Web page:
Malaysia has displaced Qatar as the top recruiter of Nepali migrant workers. In the last fiscal year, departures to that Southeast Asian country jumped a whopping 60 percent as state-owned companies exhibited a preference for Nepali workers over others.
According to the Department of Foreign Employment (DoFE), 156,770 migrant workers left for Malaysia in 2012-13 against 98,367 in 2011-12. Malaysia absorbed 34.56 percent of the total number of Nepalis going abroad for employment. Even as departures to Malaysia surged, major labour destinations in the Middle East hired fewer Nepali workers. Overall departures of migrant workers in the last fiscal increased 17.90 percent.
Foreign employment agencies and government officials have attributed the increased hiring by Malaysia to multiple factors including a slowdown in recruitment of workers from other labour sending countries like Indonesia and Myanmar.
Moreover, the Malaysian government has stopped the employment of Bangladeshi workers. The two countries had agreed to send workers through government-to-government channel but it could not materialize due to pressure from the private sector in Bangladesh.
Officials of the Nepal Association of Foreign Employment Agencies (NAFEA) said there has been a rise in the number of women going for industrial jobs in Malaysia. Last year, 7,165 women went to Malaysia to work in the industrial and plantation sectors. “This is a new phenomenon. There will be greater demand for women in these sectors in the coming year,” said Kumud Khanal, former NAFEA second secretary, whose company sends workers to Malaysia.
According to manpower agencies, there will be greater demand from Malaysia this fiscal too. “Malaysian state-operated plantations and factories are slowly shifting their attention to Nepali workers after they could not recruit workers from Bangladesh. There will be requests for thousands of workers from state-run agencies.”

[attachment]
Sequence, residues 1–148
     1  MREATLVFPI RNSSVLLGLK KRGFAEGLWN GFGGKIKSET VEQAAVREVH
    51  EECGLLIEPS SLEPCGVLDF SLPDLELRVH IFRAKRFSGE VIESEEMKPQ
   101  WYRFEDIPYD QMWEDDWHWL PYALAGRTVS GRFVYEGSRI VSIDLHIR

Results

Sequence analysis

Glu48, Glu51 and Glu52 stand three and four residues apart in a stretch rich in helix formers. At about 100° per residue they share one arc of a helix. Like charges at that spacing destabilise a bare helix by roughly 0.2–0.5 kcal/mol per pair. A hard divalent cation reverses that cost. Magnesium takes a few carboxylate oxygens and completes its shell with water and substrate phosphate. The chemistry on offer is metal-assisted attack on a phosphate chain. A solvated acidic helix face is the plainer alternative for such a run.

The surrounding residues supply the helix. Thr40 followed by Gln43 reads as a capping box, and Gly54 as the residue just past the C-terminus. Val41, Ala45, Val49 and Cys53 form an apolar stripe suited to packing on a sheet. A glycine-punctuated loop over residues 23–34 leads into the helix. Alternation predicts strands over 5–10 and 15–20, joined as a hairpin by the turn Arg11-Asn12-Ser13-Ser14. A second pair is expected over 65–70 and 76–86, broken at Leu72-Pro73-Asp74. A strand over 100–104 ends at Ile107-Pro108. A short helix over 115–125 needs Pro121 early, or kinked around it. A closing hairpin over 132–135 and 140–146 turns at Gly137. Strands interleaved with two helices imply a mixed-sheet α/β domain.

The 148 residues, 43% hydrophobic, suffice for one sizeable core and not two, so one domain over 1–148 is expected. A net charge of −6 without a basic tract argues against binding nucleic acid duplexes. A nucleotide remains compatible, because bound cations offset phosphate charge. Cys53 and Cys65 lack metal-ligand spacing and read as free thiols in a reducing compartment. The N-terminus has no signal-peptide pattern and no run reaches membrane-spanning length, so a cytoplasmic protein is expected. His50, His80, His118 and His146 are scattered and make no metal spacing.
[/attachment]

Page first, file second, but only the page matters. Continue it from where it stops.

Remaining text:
State-run companies are comparatively safer and better places to work as they offer good wages and other facilities like overtime and insurance.
With Malaysian companies offering attractive pay packages, there has been a decline in departures of migrant workers to almost all the other leading labour destinations like Qatar, Saudi Arabia, the UAE, Kuwait, Bahrain and Oman.
The NAFEA said Nepali workers prefer Malaysia over Saudi Arabia and Kuwait as wages are much lower in these countries. Manpower agencies said they are unable to fulfil demand from Saudi companies due to lack of interest among Nepali workers to work there. Other countries like Qatar and the UAE are reported to have given preference to Indonesian, Filipino and Myanmarese workers due to the incidence of Nepali workers going on strike.
“People are choosing Malaysia because wages are good and the Malaysian currency is becoming stronger every year,” said a manpower entrepreneur.
DoFE spokesperson Divas Acharya said people preferred Malaysia over Gulf countries due to wages, climatic conditions and worker friendly laws. “We have found that youths normally go to countries where the work is easier and the laws are worker-friendly,” said Acharya.
Meanwhile, the Nepal government has been making efforts to sign a labour agreement with Malaysia as it has emerged as the most preferred destination for migrant workers. Recently, a four-member Nepali delegation submitted the final copy of the proposed agreement to the director general of the Malaysian labour department. This is the third time in two years that Nepal has requested Malaysia to sign a labour pact.
In 2011, Malaysia’s labour minister had announced at a function marking the 50th anniversary of the establishment of diplomatic ties between the two countries that it would sign a labour agreement.
But it never materialised due to disagreements over a number of points in the draft.
Country FY 2012-13 FY 2011-12
Malaysia 156,770 98,367
Qatar 90,935 105,681
Saudi Arabia 86,276 80,455
UAE 52,295 54,482
Kuwait 14,401 24,575
Bahrain 3,390 5,865
Oman 3,114 3,163